Last week, US Sen. Tim Kaine spoke here in Charlottesville at the University of Virginia about war powers. He claimed that Trump sending 100 missiles into Damascus could have been legal if only Trump had gotten approval from Congress. I brought up something that went unmentioned through the whole event and asked him if the UN Charter was not the supreme law of the land under Article VI, and he admitted as much but shrugged it off. Only in the United States can you have endless discussions of the legality of war without ever mentioning that war is illegal. If Canada bombed Minneapolis, exactly zero people on Earth would care whether the prime minister had acted alone or not because the act would be a crime rather than an action of the US government and therefore not eligible to be considered a crime.

You spend a good portion of your book comparing the United States to other nations. How does the US fare?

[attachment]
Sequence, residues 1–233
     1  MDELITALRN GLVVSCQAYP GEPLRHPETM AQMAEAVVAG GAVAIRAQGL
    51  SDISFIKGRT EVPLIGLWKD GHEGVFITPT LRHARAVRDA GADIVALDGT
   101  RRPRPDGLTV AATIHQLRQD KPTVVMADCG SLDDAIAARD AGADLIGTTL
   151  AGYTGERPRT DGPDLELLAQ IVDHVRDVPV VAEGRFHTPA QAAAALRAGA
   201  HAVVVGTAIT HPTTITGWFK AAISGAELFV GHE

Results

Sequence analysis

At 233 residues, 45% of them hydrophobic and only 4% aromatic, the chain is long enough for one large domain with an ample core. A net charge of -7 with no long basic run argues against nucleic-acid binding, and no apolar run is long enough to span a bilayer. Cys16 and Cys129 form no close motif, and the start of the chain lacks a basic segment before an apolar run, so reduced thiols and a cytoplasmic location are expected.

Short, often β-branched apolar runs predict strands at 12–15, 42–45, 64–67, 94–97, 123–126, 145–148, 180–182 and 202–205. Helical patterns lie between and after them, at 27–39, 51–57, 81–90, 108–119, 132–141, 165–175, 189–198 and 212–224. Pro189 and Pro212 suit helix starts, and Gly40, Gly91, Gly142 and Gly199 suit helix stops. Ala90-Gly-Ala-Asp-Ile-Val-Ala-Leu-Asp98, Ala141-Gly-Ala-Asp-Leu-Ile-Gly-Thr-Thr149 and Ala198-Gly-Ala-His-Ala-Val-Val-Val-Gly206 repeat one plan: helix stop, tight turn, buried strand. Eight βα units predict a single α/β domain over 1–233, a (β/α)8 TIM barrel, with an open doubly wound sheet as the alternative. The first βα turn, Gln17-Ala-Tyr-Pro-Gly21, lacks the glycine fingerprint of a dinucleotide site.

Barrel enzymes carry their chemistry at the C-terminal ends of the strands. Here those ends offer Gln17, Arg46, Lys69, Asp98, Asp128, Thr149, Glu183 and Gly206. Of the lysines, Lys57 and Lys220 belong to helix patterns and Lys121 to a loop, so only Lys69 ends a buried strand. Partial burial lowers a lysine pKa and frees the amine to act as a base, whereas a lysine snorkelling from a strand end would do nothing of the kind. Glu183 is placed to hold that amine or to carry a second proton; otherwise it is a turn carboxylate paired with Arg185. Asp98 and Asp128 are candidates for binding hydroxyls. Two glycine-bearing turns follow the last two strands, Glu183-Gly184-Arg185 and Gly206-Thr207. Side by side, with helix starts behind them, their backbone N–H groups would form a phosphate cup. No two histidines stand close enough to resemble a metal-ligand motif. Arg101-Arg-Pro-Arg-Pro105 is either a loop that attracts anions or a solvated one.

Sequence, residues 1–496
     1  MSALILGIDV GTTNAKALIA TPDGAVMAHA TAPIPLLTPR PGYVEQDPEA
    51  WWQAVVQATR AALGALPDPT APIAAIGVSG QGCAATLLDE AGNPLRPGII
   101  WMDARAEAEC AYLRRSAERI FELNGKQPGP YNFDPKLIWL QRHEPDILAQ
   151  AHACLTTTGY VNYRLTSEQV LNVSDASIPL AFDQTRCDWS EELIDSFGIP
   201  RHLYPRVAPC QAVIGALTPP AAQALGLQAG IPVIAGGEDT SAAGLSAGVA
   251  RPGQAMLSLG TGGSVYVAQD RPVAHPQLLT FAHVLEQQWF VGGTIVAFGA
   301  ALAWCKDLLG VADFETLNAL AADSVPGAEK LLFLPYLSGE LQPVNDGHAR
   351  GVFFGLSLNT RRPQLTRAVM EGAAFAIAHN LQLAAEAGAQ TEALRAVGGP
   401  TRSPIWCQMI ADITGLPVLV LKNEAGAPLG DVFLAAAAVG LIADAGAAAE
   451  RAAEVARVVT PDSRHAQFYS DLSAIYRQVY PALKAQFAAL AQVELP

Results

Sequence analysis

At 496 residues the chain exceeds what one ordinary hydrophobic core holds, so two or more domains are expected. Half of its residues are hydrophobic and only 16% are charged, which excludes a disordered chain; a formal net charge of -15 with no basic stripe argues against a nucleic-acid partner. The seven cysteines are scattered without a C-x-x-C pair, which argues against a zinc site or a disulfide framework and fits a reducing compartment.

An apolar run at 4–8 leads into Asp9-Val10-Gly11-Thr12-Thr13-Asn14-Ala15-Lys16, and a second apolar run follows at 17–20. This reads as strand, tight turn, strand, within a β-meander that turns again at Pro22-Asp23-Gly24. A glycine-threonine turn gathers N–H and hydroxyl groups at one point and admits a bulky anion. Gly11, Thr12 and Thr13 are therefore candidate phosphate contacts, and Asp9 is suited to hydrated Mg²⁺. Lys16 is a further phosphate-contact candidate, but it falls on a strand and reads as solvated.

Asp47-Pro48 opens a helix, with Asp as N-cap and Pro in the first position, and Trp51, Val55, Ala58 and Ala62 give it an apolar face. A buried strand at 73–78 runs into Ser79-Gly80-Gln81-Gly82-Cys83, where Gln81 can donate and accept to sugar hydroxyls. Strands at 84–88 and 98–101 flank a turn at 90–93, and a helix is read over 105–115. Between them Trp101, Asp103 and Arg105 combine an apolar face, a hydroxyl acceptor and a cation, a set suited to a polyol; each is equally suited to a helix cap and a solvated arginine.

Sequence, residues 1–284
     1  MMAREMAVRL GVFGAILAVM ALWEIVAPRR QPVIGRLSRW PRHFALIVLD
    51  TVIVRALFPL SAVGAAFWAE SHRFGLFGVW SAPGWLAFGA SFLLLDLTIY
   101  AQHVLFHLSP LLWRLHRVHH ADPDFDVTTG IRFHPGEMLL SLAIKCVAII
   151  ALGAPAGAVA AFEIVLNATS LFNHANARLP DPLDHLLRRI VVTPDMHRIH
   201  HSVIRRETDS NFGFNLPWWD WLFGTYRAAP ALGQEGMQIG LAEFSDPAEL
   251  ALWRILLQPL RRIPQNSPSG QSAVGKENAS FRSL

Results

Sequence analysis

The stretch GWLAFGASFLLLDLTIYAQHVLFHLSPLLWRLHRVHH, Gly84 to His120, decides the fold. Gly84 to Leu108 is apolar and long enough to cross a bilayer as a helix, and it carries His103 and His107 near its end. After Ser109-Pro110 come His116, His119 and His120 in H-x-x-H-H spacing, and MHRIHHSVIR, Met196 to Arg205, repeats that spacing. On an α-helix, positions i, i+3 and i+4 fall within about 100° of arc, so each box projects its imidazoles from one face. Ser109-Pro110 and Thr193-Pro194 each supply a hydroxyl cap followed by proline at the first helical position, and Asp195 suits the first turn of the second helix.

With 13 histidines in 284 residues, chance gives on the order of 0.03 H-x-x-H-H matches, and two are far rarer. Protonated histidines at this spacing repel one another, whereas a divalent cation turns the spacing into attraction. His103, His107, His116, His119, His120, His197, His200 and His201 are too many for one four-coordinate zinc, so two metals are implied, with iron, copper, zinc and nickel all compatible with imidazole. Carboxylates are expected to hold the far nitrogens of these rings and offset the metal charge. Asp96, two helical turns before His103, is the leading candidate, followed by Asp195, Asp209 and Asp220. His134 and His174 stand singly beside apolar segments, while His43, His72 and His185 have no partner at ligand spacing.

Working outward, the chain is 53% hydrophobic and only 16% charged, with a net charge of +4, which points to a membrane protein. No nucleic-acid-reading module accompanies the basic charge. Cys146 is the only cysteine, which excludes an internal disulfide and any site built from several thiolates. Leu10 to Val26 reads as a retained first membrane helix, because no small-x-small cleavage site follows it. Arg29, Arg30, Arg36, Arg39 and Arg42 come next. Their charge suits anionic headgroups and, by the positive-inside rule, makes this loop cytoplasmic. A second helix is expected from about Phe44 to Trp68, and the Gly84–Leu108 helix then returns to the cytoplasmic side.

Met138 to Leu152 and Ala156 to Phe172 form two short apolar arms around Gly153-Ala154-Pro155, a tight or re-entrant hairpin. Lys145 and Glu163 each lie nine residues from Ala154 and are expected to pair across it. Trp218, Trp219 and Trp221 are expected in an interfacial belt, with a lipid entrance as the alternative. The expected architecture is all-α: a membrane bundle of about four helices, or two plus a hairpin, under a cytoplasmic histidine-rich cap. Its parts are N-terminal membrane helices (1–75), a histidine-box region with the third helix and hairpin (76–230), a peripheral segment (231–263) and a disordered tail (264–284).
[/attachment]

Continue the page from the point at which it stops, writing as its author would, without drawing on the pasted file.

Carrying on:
Miserably. The United States leads the world in everything from military spending to war-making to incarceration to various measures of environmental destruction, and various other undesirable categories. The United States trails behind all other wealthy countries, managing only to surpass poor countries in all kinds of measures of well-being, such as life-expectancy, health, education and happiness. And this poor showing is not balanced out by something else. Even in every conceivable measure of “freedom” and “democracy,” even those measuring the viciousness of capitalism, the United States fails to rise to the top. “We’re Number 1!” taken as a factual and positive claim is simply false.

What is the relationship between the concept of American exceptionalism and white Christian supremacy?